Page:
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10 years on

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Away from the desk

The little bent tree
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Health and Wellbeing

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History

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Housing All Australians

Housing All Australians – a new paradigm
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Business

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Owners Corporation Law

VCAT declares that committees have the power to terminate an OC manager
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Maritime

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Pets Corner

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SkyPad Living

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Precinct Perspectives

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State MP

After COVID-19: do we want to go back to “normal”?
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Street Art

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Sustainability

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The District

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We Live Here

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Abby's Angle

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Editions
August 09 Edition Cover

Local workforce has doubled

05 Feb 2015

Docklands’ workforce has increased by almost 50 per cent since 2012, according to a report released by the City of Melbourne last month.

The Census of Land Use and Employment (CLUE) 2014 report shows last year there were 53,268 jobs in Docklands.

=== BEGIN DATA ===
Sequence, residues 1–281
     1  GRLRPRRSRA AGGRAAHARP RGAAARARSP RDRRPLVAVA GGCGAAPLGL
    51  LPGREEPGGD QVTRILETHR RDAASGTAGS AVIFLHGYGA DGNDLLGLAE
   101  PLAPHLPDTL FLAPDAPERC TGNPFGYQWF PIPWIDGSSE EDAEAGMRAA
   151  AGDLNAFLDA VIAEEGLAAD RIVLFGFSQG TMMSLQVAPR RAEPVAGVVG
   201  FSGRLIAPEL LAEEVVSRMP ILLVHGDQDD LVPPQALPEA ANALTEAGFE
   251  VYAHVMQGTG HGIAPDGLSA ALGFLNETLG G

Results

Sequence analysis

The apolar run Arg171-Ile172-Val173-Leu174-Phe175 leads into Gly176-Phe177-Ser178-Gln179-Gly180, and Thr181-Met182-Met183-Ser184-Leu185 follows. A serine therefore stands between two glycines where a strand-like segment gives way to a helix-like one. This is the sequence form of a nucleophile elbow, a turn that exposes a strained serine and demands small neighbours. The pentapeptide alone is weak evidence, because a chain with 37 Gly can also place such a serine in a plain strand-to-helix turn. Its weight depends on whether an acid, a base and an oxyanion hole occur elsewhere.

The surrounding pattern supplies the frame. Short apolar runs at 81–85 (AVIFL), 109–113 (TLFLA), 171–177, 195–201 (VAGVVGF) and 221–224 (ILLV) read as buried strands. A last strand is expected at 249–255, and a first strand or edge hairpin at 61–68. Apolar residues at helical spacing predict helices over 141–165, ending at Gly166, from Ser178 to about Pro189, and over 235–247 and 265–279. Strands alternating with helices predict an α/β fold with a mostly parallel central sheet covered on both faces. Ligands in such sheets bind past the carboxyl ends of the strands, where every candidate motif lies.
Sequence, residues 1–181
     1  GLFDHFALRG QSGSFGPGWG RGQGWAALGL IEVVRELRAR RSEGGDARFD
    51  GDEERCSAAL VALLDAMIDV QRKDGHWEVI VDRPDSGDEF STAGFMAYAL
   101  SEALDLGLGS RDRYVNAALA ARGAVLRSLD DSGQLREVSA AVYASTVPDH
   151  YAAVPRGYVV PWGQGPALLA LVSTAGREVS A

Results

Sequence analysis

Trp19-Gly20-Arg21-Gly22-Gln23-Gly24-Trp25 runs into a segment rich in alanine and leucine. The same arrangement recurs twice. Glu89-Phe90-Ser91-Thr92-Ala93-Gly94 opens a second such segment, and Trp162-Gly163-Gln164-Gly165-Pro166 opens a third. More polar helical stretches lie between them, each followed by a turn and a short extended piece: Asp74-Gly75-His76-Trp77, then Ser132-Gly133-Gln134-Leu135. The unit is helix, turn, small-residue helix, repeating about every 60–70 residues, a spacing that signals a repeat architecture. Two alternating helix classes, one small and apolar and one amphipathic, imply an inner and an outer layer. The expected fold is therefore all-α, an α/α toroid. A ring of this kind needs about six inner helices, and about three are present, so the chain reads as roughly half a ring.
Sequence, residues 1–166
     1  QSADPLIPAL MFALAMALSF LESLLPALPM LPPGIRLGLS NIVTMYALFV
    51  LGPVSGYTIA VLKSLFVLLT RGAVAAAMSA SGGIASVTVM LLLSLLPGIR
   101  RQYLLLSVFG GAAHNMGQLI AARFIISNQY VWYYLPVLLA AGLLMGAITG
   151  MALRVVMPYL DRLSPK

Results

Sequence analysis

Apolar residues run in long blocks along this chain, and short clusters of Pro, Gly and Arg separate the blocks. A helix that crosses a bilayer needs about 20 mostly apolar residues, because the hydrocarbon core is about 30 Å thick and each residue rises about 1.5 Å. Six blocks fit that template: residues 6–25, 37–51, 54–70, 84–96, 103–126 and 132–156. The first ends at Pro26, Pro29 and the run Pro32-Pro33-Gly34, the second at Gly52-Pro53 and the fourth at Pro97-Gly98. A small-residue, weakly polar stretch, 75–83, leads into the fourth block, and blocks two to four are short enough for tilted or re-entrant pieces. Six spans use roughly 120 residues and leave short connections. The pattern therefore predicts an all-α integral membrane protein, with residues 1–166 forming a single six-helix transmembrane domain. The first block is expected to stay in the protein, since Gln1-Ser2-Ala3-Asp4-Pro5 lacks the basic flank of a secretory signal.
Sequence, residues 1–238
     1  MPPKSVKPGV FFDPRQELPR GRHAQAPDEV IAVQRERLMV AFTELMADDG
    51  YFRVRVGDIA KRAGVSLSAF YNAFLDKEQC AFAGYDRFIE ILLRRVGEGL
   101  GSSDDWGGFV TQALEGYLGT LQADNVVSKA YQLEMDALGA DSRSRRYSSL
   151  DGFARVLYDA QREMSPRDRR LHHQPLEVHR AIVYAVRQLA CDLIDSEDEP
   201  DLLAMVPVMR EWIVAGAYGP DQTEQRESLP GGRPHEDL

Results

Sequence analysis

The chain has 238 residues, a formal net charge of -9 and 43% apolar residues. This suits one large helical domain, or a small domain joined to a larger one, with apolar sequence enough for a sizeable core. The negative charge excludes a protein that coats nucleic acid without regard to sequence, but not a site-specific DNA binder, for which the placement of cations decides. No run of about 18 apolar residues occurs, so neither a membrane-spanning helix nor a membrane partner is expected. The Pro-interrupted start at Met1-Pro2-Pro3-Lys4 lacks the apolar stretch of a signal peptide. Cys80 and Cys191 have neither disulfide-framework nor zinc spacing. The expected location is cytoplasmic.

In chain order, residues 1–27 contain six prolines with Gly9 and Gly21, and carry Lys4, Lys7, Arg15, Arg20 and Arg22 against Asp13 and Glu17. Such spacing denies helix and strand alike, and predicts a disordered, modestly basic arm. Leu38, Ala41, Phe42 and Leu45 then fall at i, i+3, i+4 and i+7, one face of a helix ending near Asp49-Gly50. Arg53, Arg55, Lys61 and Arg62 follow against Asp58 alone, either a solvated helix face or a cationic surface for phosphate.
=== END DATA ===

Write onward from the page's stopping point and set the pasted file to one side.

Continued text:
In comparison, the 2012 CLUE report recorded 38,198 jobs in Docklands, equating to an increase of 44.8 per cent over the two-year period between reports.

This increase in employment can partly be attributed to businesses moving CBD-based headquarters to Docklands.

However, the report says half of the employment growth between 2012 and 2014 was due to businesses re-locating from outside of the municipality and new businesses establishing themselves in Docklands.

The report also provides further evidence that Docklands is increasingly becoming Melbourne’s finance and insurance centre.

With the ANZ, Bendigo Bank, NAB and Medibank all setting up headquarters in Docklands, it’s no surprise the finance and insurance industry is the area’s biggest employer.

At the time of the 2014 census 22,731 people working in Docklands were employed in finance or insurance.

This was followed by business services, with 6126 employees and public administration and safety, which provided 5193 jobs.

These three industries have also experienced the biggest employment growth since 2012, according to the report.

Despite the increase in jobs in Docklands, office vacancy rates are also on the rise, with 54,842 square metres, or 7.5 per cent of all office space vacant at the time of the census, up from 2.1 per cent in 2012.

However, the report suggests the higher vacancy rate is the result of the recent completion of a large amount of new offices. According to the report, Docklands’ office vacancy rate is expected to decline as tenants begin to move into the buildings.

While office space is the major use of land in Docklands, the CLUE report also highlights the 200 per cent increase in residences.

According to the report, in 2004 there were 1755 dwellings in Docklands, compared with 5272 dwellings in 2014.

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